The Holiday Season Means More People Take on Side Hustles — the Difference This Year? They Don't Plan to Quit Anytime Soon.
In November, there was a 165,000 jump in people holding multiple positions, the largest increase since June.
Persistent inflation has caused millions of Americans to reel in spending, but for some, budgeting still isn't enough to make ends meet.
In November, the Bureau of Labor Statistics reported that there was nearly a 165,000 jump in individuals working multiple jobs — marking the steepest one-month increase since June.
The dramatic rise in side hustles could be attributed to seemingly endless inflation driving up the cost of living, or it could have to do with the holiday season, which is a time of increased spending for most Americans.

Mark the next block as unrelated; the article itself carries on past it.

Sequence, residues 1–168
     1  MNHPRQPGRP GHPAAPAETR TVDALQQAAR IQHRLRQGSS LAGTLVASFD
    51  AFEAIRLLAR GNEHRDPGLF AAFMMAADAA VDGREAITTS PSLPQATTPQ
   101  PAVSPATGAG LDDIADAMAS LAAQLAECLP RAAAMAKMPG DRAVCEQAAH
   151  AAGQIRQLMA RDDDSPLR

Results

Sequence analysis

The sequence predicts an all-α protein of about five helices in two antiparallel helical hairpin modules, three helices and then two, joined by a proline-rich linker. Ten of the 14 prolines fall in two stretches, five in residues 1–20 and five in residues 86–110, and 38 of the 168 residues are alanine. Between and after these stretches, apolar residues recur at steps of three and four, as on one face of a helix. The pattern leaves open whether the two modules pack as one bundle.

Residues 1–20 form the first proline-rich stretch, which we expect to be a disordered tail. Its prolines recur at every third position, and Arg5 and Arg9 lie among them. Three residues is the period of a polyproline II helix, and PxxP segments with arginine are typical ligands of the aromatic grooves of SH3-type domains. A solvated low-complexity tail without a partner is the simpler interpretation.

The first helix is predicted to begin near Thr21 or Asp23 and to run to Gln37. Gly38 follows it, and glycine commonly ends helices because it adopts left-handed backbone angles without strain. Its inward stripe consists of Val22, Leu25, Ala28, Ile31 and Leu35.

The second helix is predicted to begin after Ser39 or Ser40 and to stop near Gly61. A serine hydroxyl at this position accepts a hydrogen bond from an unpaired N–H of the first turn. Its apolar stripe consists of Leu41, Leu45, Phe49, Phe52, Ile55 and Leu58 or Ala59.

According to a survey by Neighbor.com, 44% of respondents reported that they're either currently working or planning to work a seasonal job this year, with 51% currently working or planning to work overtime. Additionally, the report found that 92% of respondents who have a side hustle or plan to find one intend to keep it after the holiday season.
"There's always a holiday uptick from October until February or March by people who do these jobs to pay for holiday gifts, parties and clothing," Kathy Kristof, editor at SideHusl, told USA Today. "This year, it's very hard to differentiate the holiday uptick from the inflation uptick, but all of it combines for a significant rise in people looking for side hustles."
As for what individuals are doing to make extra income, driving for a ridesharing app like Uber or Lyft and delivering food for DoorDash or Instacart were among the leading gigs, according to Neighbor.com